Introduction: RFIDuino Logger

About: The RobotGeek team is a 6-man operation that wants to make it even easier to use Arduino to make electronics and robots. Check out our instructables and for all of our awesome kits.

In this instructable we will use the RFIDuino Logger Program to log basic data from the RFIDuino/Geekduino. This sort of system is useful for Time Clocks and Access Doors. When an RFID tag is swiped, Record of the Tag ID, Date, and Time is taken. This can be exported as a .csv and opened with any spreadsheet program, such as Microsoft Excel or LibreOffice. Let's get started!

Step 1: Project Parts List

These are the parts we used to build this project. You can use any flavor of Arduino UNO/Duemilanove, and most RFID tags are compatible with the system, but we recommend using the RFIDunio Shield, because the code is written with the RFIDuino Library in mind!

Step 2: Hardware Setup

  • If you haven't checked out the RFIDuino Getting Started Guide, now would be a good time to do so.
  • Make sure to grab and install the RFIDuino Library and Tools.
  • Connect your components as shown above.
  • Open RFIDuino_csv_logger onto your board. You can find this sketch under
  • You will need to make sure the code is adjusted for your RFIduino hardware. By default RFIDuino_csv_logger is setup for the newest version of the RFIDuino shield (1.2).
    v1.2 shields (2 pin antenna, 'REV 1.2' printed on the board) will need the following code
    RFIDuino myRFIDuino(1.2);     //initialize an RFIDuino object for hardware version 1.2
    v1.1 shields (4-pin antenna, no version number printed on the board) will need the following code
    RFIDuino myRFIDuino(1.1);     //initialize an RFIDuino object for hardware version 1.1

    Both lines of code are available in the RFIDuino_csv_logger sketch, simply uncomment the one you don't need.

    If you are still unsure about what hardware you are using, see this page. The RFID Experimenter's Kit comes with the version 1.2 shield.

  • Swipe any of the 'key' tags across the RFIDuino antenna. The green light will light up and your buzzer turn on for 100 milliseconds, then turn off.
  • You can test your code further by opening the Serial Monitor
    File -> Serial Monitor

    And setting the baud rate to 38400. Now scan your tag and you should see a number come up on the screen. This is the 4-byte version of your tag ID.

  • Step 3: Software Setup

    1. If you don't already have the Chrome Browser installed on your computer, Go Here to install it
    2. In Chrome, go to this page on the Chrome Webstore.
    3. Click + Add To Chrome to install the RobotGeek RFIDuino Logger
    4. Allow Access for the Chrome App to your system
    5. You can always type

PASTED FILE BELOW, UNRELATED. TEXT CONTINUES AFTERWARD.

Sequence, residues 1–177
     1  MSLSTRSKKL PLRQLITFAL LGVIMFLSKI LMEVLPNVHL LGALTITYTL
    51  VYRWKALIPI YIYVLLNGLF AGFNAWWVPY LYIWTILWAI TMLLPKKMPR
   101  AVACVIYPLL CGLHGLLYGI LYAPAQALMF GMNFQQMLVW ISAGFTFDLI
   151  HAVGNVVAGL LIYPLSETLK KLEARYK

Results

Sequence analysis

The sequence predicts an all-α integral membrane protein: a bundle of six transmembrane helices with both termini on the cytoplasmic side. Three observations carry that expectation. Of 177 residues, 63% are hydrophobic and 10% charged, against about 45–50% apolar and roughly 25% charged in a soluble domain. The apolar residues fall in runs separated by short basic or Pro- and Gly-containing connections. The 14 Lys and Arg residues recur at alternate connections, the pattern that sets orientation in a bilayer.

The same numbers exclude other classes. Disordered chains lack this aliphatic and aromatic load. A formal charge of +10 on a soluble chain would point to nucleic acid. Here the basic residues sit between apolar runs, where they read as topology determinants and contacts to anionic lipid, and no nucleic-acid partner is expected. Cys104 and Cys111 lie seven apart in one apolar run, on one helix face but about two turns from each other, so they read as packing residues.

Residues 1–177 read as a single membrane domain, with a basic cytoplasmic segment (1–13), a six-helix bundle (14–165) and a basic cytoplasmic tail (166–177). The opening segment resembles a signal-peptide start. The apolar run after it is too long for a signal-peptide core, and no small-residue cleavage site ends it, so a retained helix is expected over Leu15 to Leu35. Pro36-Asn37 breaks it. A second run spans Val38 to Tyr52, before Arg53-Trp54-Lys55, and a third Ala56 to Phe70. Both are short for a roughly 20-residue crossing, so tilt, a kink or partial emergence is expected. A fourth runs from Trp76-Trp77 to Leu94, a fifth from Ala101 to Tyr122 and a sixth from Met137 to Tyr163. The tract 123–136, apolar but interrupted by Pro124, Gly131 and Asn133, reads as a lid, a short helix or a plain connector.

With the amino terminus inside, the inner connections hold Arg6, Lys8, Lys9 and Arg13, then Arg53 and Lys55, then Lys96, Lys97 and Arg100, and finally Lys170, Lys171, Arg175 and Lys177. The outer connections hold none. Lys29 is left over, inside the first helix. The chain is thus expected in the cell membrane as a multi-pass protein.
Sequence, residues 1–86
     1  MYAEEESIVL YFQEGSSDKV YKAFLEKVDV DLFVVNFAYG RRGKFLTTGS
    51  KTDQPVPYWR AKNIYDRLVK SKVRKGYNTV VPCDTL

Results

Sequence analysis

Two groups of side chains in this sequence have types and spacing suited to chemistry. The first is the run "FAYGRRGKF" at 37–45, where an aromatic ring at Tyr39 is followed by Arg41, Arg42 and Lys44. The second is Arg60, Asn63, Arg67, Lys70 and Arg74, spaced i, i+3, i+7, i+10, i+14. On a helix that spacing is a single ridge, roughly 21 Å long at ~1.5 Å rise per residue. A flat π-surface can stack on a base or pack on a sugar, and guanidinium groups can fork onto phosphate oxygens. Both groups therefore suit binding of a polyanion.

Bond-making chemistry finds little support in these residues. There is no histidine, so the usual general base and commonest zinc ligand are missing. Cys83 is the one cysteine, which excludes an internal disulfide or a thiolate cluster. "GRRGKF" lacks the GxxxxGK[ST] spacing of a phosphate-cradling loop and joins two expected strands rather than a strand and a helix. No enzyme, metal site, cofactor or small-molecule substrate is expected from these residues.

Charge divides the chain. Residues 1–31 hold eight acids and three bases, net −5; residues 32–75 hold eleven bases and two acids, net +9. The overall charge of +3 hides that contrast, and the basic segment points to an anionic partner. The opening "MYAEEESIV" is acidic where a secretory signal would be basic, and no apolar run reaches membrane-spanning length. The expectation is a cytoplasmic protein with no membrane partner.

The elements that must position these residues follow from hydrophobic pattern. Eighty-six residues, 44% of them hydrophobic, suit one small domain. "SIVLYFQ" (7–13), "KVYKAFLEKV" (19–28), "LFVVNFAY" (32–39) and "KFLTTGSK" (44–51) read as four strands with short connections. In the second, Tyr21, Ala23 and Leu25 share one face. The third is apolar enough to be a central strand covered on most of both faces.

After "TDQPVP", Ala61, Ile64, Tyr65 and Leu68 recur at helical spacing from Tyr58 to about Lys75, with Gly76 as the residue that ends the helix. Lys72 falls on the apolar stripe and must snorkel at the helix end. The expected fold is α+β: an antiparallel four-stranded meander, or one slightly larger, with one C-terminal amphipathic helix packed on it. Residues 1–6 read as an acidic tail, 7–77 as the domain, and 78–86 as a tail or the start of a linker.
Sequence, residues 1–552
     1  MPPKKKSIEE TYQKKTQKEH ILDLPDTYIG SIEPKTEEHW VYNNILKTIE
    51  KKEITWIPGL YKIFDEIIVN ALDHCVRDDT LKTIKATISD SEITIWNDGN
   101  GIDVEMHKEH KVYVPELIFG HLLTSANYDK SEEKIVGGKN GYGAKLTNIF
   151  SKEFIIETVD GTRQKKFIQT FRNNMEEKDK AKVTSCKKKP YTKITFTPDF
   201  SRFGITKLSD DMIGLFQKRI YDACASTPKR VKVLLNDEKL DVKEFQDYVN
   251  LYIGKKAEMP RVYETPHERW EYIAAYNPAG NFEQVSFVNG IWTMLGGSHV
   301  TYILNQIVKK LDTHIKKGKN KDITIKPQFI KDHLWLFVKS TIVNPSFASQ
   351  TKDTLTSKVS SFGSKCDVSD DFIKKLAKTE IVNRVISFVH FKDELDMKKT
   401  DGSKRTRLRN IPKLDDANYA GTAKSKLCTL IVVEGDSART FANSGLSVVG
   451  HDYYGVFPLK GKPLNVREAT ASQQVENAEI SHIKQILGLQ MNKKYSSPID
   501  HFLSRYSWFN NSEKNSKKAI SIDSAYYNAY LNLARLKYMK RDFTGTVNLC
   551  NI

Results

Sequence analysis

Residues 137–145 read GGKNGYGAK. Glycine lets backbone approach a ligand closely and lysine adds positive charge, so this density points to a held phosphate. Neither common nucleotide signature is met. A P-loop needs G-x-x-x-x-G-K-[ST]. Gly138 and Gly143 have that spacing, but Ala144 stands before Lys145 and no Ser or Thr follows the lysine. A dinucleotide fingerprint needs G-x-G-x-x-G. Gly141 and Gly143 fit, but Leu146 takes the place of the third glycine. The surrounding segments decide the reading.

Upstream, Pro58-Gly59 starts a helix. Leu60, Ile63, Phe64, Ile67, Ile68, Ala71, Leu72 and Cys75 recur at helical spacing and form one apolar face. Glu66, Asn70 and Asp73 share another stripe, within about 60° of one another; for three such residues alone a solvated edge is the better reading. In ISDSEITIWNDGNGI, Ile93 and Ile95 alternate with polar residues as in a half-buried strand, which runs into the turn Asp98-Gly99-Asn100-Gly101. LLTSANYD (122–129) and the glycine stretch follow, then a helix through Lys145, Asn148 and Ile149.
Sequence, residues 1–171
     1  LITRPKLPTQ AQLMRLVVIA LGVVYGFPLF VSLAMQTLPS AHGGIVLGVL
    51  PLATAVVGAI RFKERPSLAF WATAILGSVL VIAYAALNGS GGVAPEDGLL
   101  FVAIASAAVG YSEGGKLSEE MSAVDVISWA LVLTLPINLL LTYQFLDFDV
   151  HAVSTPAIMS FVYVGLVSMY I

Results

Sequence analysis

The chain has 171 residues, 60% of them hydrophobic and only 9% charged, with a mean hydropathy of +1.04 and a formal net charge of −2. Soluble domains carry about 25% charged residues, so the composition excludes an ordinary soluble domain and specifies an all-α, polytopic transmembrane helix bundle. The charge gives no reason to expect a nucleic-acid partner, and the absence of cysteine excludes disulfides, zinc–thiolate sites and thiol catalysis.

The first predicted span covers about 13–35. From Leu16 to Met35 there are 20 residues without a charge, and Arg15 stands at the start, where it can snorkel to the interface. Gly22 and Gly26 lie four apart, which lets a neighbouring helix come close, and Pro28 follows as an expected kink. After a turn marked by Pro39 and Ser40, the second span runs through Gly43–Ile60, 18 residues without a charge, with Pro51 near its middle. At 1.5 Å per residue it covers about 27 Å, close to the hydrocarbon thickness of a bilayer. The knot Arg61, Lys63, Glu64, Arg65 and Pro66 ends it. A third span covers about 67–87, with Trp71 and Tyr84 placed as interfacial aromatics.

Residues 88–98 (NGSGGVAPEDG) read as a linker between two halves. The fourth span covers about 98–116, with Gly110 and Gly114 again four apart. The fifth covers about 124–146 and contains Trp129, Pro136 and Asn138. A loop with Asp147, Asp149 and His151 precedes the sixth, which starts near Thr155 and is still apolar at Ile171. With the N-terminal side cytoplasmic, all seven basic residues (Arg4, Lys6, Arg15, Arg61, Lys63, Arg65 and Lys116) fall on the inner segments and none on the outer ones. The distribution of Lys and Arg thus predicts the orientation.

in your browser to get to your Chrome App launcher page. From This page just Click the RobotGeek icon to launch the program

    6. From the Drop-Down menu, pick the serial port that you used to program your Geekduino.
    7. Click 'Connect' to open a connection
    8. Every time you swipe a tag, the computer will record the tag ID and append the current time
    9. Click Clear Log to clear the records
    10. Click Export to Disk to save the records as a .csv file. You can open this file in Excel / other spreadsheet programs.

    Step 4: Code Overview

    This code is a modified version of the RFIDuino_helloworld code. This time however, instead of displaying tag IDs as the 5-bytes that make up the tag ID, we're only using the lower 4 bytes of the Tag ID. This is for two reasons:

    1. The first byte, the 'Vendor ID' is often ignored as similar cards usually have the same first byte
    2. Using a 4-byte number allows us to store the tag id in a single long variable.

    This code uses the << (Bitshift Left) operator to move shift the higher 3 bytes, and then adds all of the bytes together into a single longvariable.

    Step 5: Future Improvements

    The source code for the Chrome App can be found here. You can modify the look and function of the app to suit your needs. The App is very simple, but you could add features like database functionality (to associate names to ID numbers) or live updates to online data storage (dropbox, google sheets)

    You can also use a RFIduino Wireless Upgrade Kit to wirelessly send data from the RFIduino to your computer.

    It is also possible to make the RFIduino a standalone logger, and then save the logs back to the computer at a later time. For storing the data you can use EEPROM for small logs (~100 ID/Timestamp entries) or an SD card for larger entries.

    One of the biggest difficulties with standalone loggers is an effective timestamp. The Geekduino can count time since the beginning of its operation using the millis() function. But the Geekduino doesn't have a true idea of when it started in time. Also, the crystal in the Geekduino will lose a few seconds over a week. This problem is usually overcome with a piece of hardware called a Real Time Clock(RTC). This device is battery operated and keeps track of time very accurately. The Geekduino can query the RTC to get a time to associate with the log.

    Step 6: You're All Set!

    Now that you have the logger functioning, maybe you could add it to your RFID Door Lock, Garage Door Opener, or Lockbox! Can you think of other projects that might benefit from RFID Logging? Let us know what you come up with!